In recent years, employers in both the public and private sectors have had cause to complain about the quality of graduates leaving many of Ghana’s tertiary institutions.
Interviews with human resource managers and other recruiters are full of woeful stories of graduates who can sometimes barely string grammatical sentences together. Many have inadequate training in the use of ICTs, while others lack other skills in time-management, team work and leadership in order to become immediately employable after graduation.
This situation has led to a higher-than-desirable level in the number of Ghanaian graduates who remain unemployed sometimes for several years after graduation from polytechnics, universities or other tertiary institutions. Indeed, so difficult has it become for some graduates to get employment that an Association of Unemployed Graduates has recently been formed in Ghana.
Although the problem of graduate unemployment has been a bane for most countries, even the most advanced, the situation for new graduates in Ghana seems to have been worsened following the rapid increase in the last decade of both public and privately-owned and run tertiary institutions.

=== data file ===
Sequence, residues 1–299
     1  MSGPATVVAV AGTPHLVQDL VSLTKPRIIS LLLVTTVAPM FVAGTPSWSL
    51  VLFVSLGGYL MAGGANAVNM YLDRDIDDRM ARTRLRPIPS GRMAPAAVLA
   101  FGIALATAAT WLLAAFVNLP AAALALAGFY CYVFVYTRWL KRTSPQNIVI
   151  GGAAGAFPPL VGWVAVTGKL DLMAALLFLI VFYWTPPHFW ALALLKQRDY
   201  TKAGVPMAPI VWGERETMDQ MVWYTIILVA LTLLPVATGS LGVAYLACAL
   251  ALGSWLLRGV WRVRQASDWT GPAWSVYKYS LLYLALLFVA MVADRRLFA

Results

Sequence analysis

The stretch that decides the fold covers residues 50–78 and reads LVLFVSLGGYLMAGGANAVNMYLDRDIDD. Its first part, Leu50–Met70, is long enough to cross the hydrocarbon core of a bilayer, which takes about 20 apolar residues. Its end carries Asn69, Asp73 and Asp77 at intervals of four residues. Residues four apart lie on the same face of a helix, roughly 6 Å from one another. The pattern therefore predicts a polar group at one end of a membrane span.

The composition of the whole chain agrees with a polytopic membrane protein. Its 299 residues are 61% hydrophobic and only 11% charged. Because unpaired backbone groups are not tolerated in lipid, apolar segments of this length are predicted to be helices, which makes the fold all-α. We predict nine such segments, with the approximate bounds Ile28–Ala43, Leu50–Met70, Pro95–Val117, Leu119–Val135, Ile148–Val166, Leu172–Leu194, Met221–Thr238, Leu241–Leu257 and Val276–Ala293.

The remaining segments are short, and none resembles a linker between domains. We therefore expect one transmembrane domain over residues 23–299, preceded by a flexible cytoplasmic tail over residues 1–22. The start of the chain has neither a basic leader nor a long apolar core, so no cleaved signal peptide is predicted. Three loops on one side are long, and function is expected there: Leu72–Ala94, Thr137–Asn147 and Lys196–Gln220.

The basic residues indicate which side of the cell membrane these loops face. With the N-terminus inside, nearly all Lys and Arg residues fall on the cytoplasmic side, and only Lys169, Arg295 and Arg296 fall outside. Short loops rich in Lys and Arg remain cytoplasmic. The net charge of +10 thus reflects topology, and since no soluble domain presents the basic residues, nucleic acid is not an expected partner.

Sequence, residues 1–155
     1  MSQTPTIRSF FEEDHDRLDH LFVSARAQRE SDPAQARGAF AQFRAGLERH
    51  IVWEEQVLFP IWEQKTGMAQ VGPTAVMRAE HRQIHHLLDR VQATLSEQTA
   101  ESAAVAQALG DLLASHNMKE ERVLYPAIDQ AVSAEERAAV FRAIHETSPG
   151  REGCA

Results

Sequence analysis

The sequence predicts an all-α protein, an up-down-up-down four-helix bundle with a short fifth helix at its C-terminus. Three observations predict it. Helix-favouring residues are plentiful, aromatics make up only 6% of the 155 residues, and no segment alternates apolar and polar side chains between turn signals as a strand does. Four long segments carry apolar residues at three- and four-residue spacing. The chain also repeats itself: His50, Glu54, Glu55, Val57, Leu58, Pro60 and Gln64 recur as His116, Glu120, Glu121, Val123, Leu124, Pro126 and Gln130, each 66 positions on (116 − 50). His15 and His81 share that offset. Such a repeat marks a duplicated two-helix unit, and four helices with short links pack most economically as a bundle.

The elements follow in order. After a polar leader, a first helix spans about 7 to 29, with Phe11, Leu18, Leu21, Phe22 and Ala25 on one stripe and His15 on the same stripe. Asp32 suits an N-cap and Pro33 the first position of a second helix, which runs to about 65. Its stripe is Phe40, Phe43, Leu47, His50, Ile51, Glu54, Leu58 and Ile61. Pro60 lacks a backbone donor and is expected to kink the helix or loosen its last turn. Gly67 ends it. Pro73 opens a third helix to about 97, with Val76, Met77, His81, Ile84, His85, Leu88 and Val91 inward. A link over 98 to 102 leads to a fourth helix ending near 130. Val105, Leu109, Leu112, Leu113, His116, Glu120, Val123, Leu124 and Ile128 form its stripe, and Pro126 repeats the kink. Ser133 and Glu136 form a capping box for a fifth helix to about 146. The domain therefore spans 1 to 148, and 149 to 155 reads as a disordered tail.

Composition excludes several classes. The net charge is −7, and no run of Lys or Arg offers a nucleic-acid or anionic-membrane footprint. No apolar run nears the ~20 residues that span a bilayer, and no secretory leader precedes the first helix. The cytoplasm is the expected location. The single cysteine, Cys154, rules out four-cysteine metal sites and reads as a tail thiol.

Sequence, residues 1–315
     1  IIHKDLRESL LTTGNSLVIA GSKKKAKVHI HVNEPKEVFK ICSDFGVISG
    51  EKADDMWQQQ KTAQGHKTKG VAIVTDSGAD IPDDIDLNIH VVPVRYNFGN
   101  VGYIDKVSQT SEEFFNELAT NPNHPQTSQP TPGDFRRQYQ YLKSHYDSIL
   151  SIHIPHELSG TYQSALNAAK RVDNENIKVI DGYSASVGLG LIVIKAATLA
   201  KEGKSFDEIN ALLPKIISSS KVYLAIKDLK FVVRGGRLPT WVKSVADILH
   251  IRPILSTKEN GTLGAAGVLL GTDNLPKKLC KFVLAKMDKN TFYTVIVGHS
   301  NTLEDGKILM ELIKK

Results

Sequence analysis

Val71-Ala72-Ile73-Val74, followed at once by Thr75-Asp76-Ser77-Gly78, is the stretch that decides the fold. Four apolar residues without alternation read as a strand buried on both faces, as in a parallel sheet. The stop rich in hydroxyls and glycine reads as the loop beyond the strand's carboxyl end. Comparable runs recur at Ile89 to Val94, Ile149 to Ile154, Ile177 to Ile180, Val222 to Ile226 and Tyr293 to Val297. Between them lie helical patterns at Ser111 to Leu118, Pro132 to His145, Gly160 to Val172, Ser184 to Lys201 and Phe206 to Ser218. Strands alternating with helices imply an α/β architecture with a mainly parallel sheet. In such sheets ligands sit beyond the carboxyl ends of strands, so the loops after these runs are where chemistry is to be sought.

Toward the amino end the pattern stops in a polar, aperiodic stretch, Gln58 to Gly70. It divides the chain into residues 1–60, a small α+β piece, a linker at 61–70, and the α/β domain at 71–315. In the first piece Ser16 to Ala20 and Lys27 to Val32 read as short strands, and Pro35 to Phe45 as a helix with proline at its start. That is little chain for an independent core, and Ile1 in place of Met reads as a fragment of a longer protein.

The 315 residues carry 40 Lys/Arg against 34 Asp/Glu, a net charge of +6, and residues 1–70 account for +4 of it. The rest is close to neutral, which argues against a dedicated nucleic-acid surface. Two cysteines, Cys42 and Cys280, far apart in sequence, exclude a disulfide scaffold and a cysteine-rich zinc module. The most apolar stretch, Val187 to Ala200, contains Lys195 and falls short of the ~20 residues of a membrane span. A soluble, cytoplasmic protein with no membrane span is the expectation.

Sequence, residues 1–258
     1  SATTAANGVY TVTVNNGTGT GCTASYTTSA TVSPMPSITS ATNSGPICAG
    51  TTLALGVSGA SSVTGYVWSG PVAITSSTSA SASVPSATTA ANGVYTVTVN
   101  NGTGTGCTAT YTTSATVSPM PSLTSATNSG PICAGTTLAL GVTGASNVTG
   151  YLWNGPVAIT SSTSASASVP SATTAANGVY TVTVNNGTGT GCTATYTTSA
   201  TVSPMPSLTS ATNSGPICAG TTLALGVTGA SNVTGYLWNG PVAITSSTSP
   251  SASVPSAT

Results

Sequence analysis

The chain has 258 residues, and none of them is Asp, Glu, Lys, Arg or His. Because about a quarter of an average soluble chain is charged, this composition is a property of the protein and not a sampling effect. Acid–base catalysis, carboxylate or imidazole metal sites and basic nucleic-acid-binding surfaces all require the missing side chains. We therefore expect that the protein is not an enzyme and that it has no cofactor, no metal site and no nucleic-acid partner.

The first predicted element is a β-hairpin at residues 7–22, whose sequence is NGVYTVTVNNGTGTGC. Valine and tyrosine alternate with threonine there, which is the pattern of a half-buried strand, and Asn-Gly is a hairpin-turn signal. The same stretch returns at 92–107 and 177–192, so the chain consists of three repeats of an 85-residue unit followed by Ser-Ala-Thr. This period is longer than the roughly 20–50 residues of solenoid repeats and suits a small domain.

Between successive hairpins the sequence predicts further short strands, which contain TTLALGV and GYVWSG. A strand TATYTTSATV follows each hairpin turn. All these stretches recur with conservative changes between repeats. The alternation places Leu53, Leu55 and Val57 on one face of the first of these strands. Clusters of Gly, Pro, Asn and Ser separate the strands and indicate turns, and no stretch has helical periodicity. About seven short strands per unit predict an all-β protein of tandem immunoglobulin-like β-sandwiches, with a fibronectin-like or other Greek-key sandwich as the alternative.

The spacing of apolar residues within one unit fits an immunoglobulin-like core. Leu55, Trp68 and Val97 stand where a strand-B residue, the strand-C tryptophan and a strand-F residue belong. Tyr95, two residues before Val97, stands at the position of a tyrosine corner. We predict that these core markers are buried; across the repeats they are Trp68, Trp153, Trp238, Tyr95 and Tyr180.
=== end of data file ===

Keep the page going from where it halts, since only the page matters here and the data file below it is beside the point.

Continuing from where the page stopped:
According to the National Accreditation Board, more than 100 applications were received over the past 15 years for the establishment of private Universities and tertiary institutions. Of the applicants, more than 50 companies, institutions and religious organisations have already received full accreditation and are at various stages of running academic programmes.
In many cases, applicants for accreditation of new institutions may have been adept at writing impressive business plans and showing off artist’s impressions of wonderful new universities they intended to build.
However, in a number of instances, the founders and promoters of new universities have discovered that they did not have adequate insights, market knowledge, partnerships, deep pockets, financial grounding, planning and organisational skills to enable their implementation efforts match their original dreams. After all, the running of academic institutions is a business, in the sense that an academic institution must be able to cover its costs.
The effect has been that some new tertiary institutions have remained underfunded and have failed to attract the right calibre of leadership, faculty and students. The results are among what has contributed to the quantum of inadequately educated or trained graduates walking the streets of Ghana’s major cities, seeking top-level jobs for which they are scarcely qualified. In their desperation, many continue to seek greener pastures oversees.
We at Business Day Ghana believe something urgent must be done about the poor quality of our educational system.